Research shows working from home will reshape nation

Victoria University (VU) research shows that if working from home remains a permanent feature of the workforce after COVID-19 as expected, Australia will see more urban sprawl, job flight to its biggest cities, and greater economic disparities between regions.

Modelling by VU’s Centre of Policy Studies (CoPS) led by Senior Research Fellow Dr James Lennox predicts the effects that on-going working from home will have on Australian housing trends and jobs.

Dr Lennox said working from home a few days a week could very well become the norm in many occupations. A majority of recently surveyed Australians reported that they expected to continue the practice after the crisis, and there is mounting evidence proving to businesses that it can boost productivity.

The modelling identified that about 30% of Australian jobs classified by the Australian Bureau of Statistics in managerial, professional and clerical occupation groups have high work-from-home (WFH) potential.

The modelling assumes that in these WFH occupations, distance from the office will become less important to those workers.

“Our modelling indicates people in WFH occupations will be more likely to live further from city centres if their weekly commuting costs are lower. The net effect is to shift housing demand outward.”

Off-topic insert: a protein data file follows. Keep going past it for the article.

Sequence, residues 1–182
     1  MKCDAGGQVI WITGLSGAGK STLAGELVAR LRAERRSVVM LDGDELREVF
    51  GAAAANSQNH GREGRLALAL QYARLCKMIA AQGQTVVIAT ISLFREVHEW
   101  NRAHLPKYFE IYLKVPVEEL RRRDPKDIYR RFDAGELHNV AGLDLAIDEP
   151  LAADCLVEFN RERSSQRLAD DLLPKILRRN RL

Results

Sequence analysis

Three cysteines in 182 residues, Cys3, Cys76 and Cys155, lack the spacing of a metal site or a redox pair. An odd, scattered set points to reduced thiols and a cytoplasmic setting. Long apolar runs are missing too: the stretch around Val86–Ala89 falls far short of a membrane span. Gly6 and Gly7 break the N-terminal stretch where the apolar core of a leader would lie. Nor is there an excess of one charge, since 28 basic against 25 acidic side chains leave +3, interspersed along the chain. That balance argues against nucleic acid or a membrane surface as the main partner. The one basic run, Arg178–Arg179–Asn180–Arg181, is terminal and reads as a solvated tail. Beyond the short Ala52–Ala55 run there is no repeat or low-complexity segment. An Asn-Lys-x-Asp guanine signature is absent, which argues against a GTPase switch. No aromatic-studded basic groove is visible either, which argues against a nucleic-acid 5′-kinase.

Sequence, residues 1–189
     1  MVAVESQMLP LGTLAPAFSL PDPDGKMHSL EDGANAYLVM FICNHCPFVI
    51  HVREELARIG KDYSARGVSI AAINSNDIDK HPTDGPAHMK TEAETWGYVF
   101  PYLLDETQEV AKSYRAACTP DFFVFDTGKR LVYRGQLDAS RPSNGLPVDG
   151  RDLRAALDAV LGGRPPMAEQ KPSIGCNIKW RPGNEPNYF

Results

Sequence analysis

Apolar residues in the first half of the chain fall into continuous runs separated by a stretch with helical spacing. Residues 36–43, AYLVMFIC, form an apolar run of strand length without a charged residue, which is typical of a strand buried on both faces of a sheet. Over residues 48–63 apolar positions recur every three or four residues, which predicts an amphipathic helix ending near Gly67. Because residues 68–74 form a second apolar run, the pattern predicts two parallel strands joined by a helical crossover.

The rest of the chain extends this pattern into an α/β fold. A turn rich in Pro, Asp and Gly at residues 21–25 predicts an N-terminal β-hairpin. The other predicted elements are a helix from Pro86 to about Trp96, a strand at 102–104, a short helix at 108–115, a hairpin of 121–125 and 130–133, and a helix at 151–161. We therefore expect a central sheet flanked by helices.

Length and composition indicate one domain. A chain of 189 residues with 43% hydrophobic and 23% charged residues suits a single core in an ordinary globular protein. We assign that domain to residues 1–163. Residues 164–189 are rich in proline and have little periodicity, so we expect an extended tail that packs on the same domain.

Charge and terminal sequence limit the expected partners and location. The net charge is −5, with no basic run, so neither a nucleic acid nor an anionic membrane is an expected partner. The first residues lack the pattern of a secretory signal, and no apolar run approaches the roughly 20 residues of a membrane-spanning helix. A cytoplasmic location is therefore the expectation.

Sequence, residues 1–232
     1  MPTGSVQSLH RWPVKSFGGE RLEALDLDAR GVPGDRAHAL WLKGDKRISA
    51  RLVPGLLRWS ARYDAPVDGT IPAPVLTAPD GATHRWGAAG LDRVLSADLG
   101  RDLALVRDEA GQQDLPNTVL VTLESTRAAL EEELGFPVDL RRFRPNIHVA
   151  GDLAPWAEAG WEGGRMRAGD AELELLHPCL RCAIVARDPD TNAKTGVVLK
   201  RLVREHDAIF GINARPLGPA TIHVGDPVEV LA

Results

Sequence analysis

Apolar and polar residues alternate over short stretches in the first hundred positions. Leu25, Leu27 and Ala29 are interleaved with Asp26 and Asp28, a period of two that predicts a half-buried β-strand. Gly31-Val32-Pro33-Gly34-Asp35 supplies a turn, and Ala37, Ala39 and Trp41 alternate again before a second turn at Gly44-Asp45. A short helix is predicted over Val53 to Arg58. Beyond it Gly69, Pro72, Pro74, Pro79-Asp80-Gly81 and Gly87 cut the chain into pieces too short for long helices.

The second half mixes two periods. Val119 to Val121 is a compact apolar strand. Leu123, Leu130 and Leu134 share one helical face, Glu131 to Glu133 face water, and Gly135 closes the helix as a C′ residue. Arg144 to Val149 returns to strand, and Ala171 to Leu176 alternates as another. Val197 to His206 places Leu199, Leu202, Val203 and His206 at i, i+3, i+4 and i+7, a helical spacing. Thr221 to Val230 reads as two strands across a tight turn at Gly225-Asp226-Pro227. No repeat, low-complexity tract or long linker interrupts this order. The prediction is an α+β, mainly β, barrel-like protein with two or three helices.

The research shows nationally, residential areas will expand 3.6%.

At the same time, the effect on businesses will be for more organisations to set up shop in central business districts as real estate there becomes more affordable for commercial tenants and businesses to cluster together.

This will have the effect of boosting growth and jobs of Sydney, Melbourne, Brisbane, and Canberra, but depressing that of other cities, towns and rural areas, he said.

“With there already being significant economic disparities between city and rural areas, and between different regions, these new trends pose a further challenge for policy-makers,” Dr Lennox said.

A more comprehensive article about this research was published today in The Conversation.

/Public Release. The material in this public release comes from the originating organization and may be of a point-in-time nature, edited for clarity, style and length. View in full here.